Sea-Tac Airport Unveils Electrification Project to Save Airlines Millions in Fuel and Dramatically Reduce Greenhouse Gas Emissions
Source: Sea-Tac Airport
Airplanes get most of the attention at an airport, but a new project to convert the rest of the vehicles on the airfield from fossil fuels to electric power is about to save millions of dollars and tons of greenhouse gases at Seattle-Tacoma International Airport.
The Port of Seattle, along with Alaska Airlines, Western Washington Clean Cities and U.S. Representative Adam Smith today unveiled a new project providing nearly 600 electric charging stations throughout the airport for ground support equipment (GSE) such as baggage tugs, bag ramps and pushback vehicles. Converting the GSE from fossil fuel to electric, each year the project is projected to save $2.8 million in airline fuel costs and 10,000 tons of greenhouse gas emissions – the equivalent of taking 1,900 cars off the road.
"The eGSE project here at SeaTac should serve as an example of how energy efficiency is not only good for the environment, but is also a smart financial investment,” said U.S. Congressman Adam Smith. “We must continue to invest in alternative energy technologies that protect consumers, reduce greenhouse gas emissions, and strike a balance between moving away from our dependence on fossil fuels while mitigating the economic impact of that transition."
The port has installed bright yellow charging corrals with smart, fast-charging plug-ins for vehicles to receive a full charge in less than 4 hours. The smart technology determines which vehicle needs the most charge and meters out the power. This first phase provides 296 charging locations throughout concourse D, C, and the north satellite. The second phase will cover the rest of the terminal at concourse A, B, and the south satellite for a total of 576 charging locations by September.
“This project provides the infrastructure for airlines to convert their vehicles from diesel to electric in Sea-Tac’s effort to become the first major airport in the U.S. to provide charging stations at all gates,” said Courtney Gregoire, Co-President, Port of Seattle Commission. “As many as 650 vehicles could eventually be covered by electric technology and make a huge difference in the airport’s carbon footprint.”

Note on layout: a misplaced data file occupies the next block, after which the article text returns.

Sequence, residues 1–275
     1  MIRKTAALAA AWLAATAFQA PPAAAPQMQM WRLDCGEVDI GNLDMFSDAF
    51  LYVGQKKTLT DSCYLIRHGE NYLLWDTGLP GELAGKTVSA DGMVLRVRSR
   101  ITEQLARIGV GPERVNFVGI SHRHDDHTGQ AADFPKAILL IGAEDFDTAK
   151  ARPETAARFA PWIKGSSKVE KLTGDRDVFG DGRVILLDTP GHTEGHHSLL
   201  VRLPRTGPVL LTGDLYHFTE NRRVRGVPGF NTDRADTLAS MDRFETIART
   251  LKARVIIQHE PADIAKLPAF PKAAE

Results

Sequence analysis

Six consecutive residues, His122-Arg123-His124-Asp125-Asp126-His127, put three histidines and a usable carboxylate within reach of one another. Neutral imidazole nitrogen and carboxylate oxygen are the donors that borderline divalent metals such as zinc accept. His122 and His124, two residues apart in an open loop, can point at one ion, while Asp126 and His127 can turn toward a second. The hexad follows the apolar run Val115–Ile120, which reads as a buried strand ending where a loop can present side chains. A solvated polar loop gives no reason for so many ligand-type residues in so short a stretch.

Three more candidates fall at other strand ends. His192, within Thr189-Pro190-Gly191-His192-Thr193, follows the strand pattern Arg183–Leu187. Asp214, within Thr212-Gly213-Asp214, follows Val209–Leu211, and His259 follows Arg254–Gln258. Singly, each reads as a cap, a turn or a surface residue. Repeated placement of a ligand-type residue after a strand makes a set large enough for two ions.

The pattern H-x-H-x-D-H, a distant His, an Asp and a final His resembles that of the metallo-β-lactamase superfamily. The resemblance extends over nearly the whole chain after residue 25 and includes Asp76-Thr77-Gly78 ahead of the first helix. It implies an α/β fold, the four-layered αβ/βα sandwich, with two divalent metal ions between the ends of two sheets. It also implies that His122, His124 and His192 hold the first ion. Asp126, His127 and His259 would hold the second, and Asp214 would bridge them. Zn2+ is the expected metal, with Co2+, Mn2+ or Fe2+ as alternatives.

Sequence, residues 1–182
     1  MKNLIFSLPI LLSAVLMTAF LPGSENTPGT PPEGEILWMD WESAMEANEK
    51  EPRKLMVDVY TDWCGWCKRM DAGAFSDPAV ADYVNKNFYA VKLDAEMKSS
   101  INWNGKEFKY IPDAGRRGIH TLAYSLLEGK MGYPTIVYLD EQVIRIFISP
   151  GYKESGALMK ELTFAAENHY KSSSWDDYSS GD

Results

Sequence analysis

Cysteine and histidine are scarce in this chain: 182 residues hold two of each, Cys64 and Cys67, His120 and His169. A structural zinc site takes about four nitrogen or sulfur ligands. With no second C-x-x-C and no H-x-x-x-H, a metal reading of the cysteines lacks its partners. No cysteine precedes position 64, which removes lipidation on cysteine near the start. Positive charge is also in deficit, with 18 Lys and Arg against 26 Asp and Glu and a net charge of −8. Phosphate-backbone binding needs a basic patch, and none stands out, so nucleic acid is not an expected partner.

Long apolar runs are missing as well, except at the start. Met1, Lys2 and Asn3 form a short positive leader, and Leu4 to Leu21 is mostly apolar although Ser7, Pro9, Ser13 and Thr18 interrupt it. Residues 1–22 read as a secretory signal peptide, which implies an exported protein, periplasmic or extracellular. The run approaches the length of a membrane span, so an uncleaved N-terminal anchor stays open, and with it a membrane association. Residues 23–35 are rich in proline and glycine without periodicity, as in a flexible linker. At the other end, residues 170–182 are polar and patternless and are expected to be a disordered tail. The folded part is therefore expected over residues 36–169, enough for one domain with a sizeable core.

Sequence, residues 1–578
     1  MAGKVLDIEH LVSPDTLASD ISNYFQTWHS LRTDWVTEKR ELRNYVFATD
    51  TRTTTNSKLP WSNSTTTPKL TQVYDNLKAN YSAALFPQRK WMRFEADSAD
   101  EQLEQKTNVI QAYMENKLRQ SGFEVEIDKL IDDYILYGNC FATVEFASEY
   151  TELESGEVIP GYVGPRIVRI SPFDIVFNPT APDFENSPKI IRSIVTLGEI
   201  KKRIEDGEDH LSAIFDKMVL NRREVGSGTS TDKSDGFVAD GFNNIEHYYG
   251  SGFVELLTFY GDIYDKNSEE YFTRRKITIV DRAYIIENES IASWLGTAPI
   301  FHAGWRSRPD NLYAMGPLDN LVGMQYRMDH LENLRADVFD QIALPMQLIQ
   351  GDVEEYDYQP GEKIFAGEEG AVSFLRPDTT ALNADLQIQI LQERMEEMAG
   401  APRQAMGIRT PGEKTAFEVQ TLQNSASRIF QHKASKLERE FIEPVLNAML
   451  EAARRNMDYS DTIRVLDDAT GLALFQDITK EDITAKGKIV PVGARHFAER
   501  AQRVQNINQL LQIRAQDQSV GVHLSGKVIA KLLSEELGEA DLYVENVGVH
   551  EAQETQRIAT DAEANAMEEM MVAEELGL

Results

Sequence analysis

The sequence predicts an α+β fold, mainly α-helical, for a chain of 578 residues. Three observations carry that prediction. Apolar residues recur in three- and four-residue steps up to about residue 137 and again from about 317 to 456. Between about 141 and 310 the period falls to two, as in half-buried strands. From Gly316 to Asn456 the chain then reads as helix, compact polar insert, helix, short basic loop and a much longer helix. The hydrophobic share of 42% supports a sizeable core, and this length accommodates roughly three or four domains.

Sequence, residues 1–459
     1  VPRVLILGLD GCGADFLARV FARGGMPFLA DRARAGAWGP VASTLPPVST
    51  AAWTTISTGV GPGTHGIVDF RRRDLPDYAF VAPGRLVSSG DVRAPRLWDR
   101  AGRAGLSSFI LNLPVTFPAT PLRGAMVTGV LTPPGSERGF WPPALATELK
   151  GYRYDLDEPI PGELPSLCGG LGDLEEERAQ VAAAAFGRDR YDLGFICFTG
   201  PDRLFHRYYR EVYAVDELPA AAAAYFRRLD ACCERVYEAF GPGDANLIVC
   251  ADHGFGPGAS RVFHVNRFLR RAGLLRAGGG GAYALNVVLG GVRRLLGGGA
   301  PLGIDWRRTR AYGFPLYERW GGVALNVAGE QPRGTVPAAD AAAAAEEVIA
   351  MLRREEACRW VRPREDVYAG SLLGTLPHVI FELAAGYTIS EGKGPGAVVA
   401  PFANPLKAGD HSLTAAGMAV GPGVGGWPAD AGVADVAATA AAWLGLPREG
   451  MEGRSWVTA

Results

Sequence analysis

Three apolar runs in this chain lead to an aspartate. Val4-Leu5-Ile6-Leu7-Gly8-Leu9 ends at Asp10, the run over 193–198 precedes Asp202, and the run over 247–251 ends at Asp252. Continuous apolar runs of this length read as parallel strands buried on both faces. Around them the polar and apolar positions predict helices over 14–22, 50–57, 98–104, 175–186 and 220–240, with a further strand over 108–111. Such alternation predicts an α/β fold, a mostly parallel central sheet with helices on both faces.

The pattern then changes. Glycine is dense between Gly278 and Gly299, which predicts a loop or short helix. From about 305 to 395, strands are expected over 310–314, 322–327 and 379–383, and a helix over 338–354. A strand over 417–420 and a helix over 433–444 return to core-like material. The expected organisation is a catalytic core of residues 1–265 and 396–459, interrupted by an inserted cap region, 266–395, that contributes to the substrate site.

Alaska Airlines has taken the lead in this green opportunity with 204 electric vehicles (146 with Alaska, 58 with Horizon) in operation on the ground at Sea-Tac. The environmental benefits are substantial. Alaska’s conversion to electric vehicles is the equivalent of taking 360 passenger vehicles off the road for a year, or a reduction in carbon dioxide emissions of 1,000 tons a year.
“Switching from fossil fuels to electric-powered equipment not only benefits the environment by reducing carbon emissions and fuel use, but the transition is expected to save Alaska Air Group about $300,000 a year in fuel costs,” said Jeff Butler, Alaska Airlines’ vice president of the airport operations and customer service. “These sustainability efforts help us keep our costs down in order to provide better value for our customers.”
The $31 million project is funded in large part through federal grants. The U.S. Department of Energy provided $5 million through a grant with the Western Washington Clean Cities Coalition. An additional $3.5 million came from a Federal Aviation Administration grant. Part of the grant money is being used to help airlines fund the purchase of new electric vehicles. Additional airlines are scheduled to join the program later this year.
“This project had a lot of moving parts,” said Stephanie Meyn, Program Manager for Western Washington Clean Cities. “We applaud the Port of Seattle and Alaska Airlines for their leadership, commitment and creative collaboration. They’ve helped create a successful model for other airports to achieve cleaner air, reduced reliance on petroleum, and a healthier community.”